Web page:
In the essay on “Comrade Jesus,” McLaren revitalizes the principles of materialist dialectics with his account of his visit to San Juan Chamula where the indigenous farmers of Mayan lineage now struggle with the Zapatistas. He also celebrates the people’s mobillizations in Detroit and in Cochabamba, Bolivia, for basic rights to water and other vital resources, against corporate greed and cynical bourgeois reforms. They serve as examples of self-management and decolonizing collective praxis. These enduring struggles for food, health care, housing, education, and other basic human rights on an international scale (including the phenomenal Occupy Wall Street insurrection) have now expanded and enriched the revolutionary critical pedagogy that McLaren initiated in the last decades of the last century.
Operating on the terrain of ideological struggle, Mclaren’s militant cultural politics evolves in resonance with the times. It continues to confront state apparatuses of reification, media commodity-fetishism, and networks of power that construct identity/performative subjects. It strives to expose the limits of nihilistic deconstruction, anarchist pragmatism, and the biopolitics of the multitude. His interventions into the embattled sites of popular culture, of common-sensical habitus in the urban life-world colonized by racist-sexist politics of white supremacy, seek to analyze institutional relations of power and their reproduction. McLaren’s vocation has always been to discover opportunities in classroom and community life susceptible to mediation, resistance and transformation. His commitment to advance the project of producing subjects or agencies of liberation empowered with sensuous rationality and reflexive structures of feeling, is vibrantly demonstrated in this new work.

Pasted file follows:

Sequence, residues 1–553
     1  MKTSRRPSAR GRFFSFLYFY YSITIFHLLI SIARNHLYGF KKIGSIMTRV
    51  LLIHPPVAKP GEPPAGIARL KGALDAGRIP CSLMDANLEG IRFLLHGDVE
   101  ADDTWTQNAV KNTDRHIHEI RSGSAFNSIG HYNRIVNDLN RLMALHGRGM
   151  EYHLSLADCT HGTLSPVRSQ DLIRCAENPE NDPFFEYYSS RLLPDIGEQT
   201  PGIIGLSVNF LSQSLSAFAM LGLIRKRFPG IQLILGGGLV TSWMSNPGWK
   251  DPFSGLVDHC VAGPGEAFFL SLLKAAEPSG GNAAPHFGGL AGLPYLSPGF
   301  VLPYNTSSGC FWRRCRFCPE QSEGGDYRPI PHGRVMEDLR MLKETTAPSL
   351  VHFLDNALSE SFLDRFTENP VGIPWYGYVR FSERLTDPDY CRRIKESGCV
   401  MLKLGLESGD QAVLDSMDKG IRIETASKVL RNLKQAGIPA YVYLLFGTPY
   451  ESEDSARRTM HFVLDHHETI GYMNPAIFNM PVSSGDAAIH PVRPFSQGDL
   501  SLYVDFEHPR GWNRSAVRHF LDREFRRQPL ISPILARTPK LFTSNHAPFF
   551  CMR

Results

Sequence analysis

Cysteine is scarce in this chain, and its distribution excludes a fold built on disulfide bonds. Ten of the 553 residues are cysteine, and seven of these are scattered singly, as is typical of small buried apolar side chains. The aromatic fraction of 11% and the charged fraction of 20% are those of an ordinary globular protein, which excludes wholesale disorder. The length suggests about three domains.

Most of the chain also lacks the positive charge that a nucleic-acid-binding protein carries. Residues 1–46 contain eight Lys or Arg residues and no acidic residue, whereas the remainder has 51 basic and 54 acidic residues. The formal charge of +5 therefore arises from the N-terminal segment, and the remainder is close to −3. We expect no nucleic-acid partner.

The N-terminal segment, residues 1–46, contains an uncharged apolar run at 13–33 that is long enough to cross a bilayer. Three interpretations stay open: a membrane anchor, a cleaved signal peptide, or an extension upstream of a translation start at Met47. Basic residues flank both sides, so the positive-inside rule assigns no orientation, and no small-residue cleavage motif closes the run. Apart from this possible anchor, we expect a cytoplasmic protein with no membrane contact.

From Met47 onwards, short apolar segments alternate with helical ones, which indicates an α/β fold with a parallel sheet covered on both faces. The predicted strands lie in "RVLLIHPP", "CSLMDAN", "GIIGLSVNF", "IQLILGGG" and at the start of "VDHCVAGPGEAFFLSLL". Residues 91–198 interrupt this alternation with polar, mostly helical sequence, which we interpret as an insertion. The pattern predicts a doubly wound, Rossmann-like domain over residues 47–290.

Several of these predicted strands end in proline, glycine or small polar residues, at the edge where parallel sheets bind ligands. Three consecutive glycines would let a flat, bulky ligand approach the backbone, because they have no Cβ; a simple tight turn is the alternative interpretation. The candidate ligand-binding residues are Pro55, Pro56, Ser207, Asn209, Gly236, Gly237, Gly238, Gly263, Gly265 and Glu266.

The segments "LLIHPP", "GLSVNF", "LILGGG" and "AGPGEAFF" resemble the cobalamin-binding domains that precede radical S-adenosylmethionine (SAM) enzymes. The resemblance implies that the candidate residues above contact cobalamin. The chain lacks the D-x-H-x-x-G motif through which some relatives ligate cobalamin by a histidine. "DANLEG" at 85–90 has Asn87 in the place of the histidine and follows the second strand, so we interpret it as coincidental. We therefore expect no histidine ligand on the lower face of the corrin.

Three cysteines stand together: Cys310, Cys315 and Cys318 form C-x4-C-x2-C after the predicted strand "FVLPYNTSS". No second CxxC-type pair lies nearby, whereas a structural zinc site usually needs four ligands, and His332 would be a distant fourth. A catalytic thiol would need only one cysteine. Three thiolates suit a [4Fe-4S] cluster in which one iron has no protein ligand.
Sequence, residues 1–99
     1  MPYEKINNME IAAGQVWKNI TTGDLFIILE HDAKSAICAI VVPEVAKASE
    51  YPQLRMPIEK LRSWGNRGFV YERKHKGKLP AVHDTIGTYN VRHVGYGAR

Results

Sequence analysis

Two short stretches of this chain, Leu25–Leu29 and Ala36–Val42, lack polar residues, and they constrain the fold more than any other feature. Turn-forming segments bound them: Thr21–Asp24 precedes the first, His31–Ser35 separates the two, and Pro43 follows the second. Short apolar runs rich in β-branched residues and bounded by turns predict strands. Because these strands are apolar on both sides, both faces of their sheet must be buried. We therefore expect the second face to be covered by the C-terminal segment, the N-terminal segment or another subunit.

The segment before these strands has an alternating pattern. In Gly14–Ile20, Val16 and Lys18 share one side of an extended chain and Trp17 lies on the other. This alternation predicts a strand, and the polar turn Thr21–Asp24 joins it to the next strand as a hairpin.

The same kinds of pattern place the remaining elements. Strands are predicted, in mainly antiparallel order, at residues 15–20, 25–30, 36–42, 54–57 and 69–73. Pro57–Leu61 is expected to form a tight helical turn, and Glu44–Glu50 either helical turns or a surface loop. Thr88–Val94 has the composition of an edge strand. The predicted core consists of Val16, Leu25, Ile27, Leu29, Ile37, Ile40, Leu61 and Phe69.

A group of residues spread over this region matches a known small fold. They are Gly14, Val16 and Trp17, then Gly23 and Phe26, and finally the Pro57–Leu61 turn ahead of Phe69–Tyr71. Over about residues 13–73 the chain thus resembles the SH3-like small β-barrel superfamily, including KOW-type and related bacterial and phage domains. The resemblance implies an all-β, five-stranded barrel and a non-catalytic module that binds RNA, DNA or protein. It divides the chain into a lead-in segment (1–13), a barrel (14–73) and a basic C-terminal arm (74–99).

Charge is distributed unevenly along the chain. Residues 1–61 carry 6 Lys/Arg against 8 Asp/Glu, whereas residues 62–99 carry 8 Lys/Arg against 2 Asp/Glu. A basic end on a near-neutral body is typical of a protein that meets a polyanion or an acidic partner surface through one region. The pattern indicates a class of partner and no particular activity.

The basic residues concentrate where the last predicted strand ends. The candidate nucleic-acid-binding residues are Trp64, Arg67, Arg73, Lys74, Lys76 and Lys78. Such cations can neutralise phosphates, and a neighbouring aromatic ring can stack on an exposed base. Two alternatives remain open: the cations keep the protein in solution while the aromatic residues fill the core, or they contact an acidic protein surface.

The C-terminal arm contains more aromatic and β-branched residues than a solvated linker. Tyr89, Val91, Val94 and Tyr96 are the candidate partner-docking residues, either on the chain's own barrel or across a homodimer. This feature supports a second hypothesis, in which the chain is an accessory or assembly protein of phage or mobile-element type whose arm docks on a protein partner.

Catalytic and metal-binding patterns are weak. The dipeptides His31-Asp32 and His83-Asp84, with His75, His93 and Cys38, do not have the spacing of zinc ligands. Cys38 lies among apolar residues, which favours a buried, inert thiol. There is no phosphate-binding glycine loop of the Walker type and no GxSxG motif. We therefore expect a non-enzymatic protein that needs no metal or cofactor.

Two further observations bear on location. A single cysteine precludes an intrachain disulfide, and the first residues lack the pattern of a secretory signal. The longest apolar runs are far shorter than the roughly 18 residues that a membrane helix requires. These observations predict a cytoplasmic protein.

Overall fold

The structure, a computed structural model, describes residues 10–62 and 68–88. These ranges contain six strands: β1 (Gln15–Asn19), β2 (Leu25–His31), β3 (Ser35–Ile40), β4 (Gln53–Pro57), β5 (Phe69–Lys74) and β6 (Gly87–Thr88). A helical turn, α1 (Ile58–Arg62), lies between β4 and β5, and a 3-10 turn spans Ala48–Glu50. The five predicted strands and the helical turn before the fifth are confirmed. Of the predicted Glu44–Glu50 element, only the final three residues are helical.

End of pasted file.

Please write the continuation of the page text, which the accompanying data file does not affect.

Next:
As Paulo Freire noted in his preface to McLaren’s Critical Pedagogy and Predatory Culture, we are fortunate to become “intellectual cousins” of Mclaren by sharing (through his discourse and his example) the knowledge and skills needed for conscientized participation in changing our world by sharing with, and cooperating in, the struggle of the “wretched of the earth” for our all-encompassing liberation from the barbarism of global capitalism and for the survival of the planet.
—E. SAN JUAN, Jr.
Professorial Lecturer, Polytechnic University of the Philippines